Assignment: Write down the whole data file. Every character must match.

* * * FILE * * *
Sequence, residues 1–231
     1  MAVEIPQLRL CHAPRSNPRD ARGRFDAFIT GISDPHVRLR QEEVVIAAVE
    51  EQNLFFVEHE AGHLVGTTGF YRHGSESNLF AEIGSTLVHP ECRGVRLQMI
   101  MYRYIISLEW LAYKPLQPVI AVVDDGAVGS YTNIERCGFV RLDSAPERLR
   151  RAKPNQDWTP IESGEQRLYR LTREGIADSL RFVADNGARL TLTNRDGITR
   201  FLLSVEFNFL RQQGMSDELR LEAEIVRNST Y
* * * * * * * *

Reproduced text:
Sequence, residues 1–231
     1  MAVEIPQLRL CHAPRSNPRD ARGRFDAFIT GISDPHVRLR QEEVVIAAVE
    51  EQNLFFVEHE AGHLVGTTGF YRHGSESNLF AEIGSTLVHP ECRGVRLQMI
   101  MYRYIISLEW LAYKPLQPVI AVVDDGAVGS YTNIERCGFV RLDSAPERLR
   151  RAKPNQDWTP IESGEQRLYR LTREGIADSL RFVADNGARL TLTNRDGITR
   201  FLLSVEFNFL RQQGMSDELR LEAEIVRNST Y